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Thread: link php file to confirm popup

  1. #1
    Join Date
    Mar 2013
    Location
    Winnipeg, Canada
    Posts
    12

    link php file to confirm popup

    I have a confirm pop-up and if they click OK I want to call a php script. Not sure on how to do that. This is what I have so far:

    function val_name()
    {
    var namePattern = /^[A-Za-z]{3,25}$/;
    if( !namePattern.test(document.upload.fn.value))
    alert("Enter valid first name");

    if( !namePattern.test(document.upload.ln.value))
    alert("Enter valid last name");


    var x=document.forms["upload"]["email"].value;
    var atpos=x.indexOf("@");
    var dotpos=x.lastIndexOf(".");

    if (atpos < 1 || dotpos < atpos + 2 || dotpos + 2 >= x.length)
    {
    alert("Not a valid e-mail address");
    return false;
    }


    else if
    (confirm("Are you sure you want to add this driver?")== true)
    {
    onClick = 'add_driver.php';
    }

  2. #2
    Join Date
    Feb 2013
    Posts
    46
    You are looking for AJAX: https://developer.mozilla.org/en-US/...etting_Started

    Code:
    var httpRequest;
    if (window.XMLHttpRequest) { // Mozilla, Safari, ...
        httpRequest = new XMLHttpRequest();
    } else if (window.ActiveXObject) { // IE 8 and older
        httpRequest = new ActiveXObject("Microsoft.XMLHTTP");
    }
    httpRequest.open('GET', 'http://www.example.org/some.file', true);
    httpRequest.send(null);
    That will send a request to 'example.org/some.file' and nothing else. If you would like to get a response from the PHP file and do something with it, then you need to listen for a response. AJAX stands fo Asynchronous JavaScript and XML.. The important thing to note is "asynchronous." JavaScript doesn't stop and wait for the request to send and come back- that takes a long time. So, instead, we use a "callback" function to grab the result or check for an error (for example, 404 not found error is possible).

    An example of code that is not asynchronous is the "alert" function. The alert function will stall all javascript until the alert is closed by the user. Similarly to your dialog menu which pops up so the user can click "ok." Your code is inside of an "if" statement. Until the user deals with the dialog, the if statement sits and waits. This is useful when waiting for a user to respond so we can do something with the data, but not very useful when sending a request to a site- as the entire web-page is stalled and unresponsive. Again, unresponsive is fine when we require the user to click "ok", but when waiting for a web page- it can stall the site for anywhere from half a second to 30 minutes! So, AJAX doesn't stall the site by default- and I won't explain how to do so, because you don't need to.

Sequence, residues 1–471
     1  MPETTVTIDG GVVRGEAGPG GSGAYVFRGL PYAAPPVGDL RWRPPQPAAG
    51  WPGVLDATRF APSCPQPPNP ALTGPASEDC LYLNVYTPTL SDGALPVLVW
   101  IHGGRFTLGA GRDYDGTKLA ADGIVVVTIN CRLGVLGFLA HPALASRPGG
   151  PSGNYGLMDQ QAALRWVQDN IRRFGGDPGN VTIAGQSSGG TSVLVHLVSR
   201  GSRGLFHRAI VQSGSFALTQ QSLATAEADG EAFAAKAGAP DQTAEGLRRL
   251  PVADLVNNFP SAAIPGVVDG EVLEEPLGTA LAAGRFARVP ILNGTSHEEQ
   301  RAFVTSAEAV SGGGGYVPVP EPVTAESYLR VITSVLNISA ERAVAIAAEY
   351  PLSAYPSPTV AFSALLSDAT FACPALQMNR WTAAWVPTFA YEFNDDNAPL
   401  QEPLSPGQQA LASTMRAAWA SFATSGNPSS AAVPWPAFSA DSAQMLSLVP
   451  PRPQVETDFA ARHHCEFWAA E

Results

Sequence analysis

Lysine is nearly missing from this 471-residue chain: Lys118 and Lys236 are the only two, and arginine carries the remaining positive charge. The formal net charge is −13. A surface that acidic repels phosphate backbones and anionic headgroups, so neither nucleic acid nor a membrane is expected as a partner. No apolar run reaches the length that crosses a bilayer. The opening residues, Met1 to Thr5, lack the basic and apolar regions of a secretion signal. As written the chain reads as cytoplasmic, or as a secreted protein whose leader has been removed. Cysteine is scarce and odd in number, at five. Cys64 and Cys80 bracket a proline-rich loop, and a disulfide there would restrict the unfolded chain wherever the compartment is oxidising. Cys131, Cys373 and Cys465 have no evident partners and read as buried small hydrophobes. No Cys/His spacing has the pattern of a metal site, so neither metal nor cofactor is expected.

Now then, here is how to use a callback with AJAX:
    Code:
    var httpRequest;
    if (window.XMLHttpRequest) { // Mozilla, Safari, ...
        httpRequest = new XMLHttpRequest();
    } else if (window.ActiveXObject) { // IE 8 and older
        httpRequest = new ActiveXObject("Microsoft.XMLHTTP");
    }
    
    httpRequest.onreadystatechange = function () {
      if (httpRequest.readystate === 4 && httpRequest.status = 200) {
        alert(httpRequest.responseText); // change this to something more useful...
      } else {
        alert("There was a problem with the request...");
      }
    }
    
    httpRequest.open('GET', 'http://www.example.org/some.file', true);
    httpRequest.send(null);
    With the above code, readystatechange will execute everytime the "state" of the request changes. If the readyState is 4, that means the request is complete. If the status is 200, that means successful. If instead of 200 the status was 404, it would mean the page is not found. There are many other status codes, too. We're checking strictly for '200' in this example. This is a common scenario, but you can modify it to your needs if you don't expect the server to respond with '200'.

    When the response is complete, then the "responseText" is alerted. The responseText is the entire response from the server. So if your PHP file echo's out "hello, world" then when you request that file your javascript will alert "hello, world" after the xmlhttprequest is complete--- but you can do whatever you want, the only reason this JS alerts is because I told it to. You can do anything to your site that your heart desires with your response. And if you don't need a response, then you don't need to use "onreadystatechange" at all, and the PHP file will simply be requested, executed, and nothing else.

    All further information you should need is here:
    https://developer.mozilla.org/en-US/...etting_Started
    Last edited by s-p-n; 03-20-2013 at 12:54 PM.

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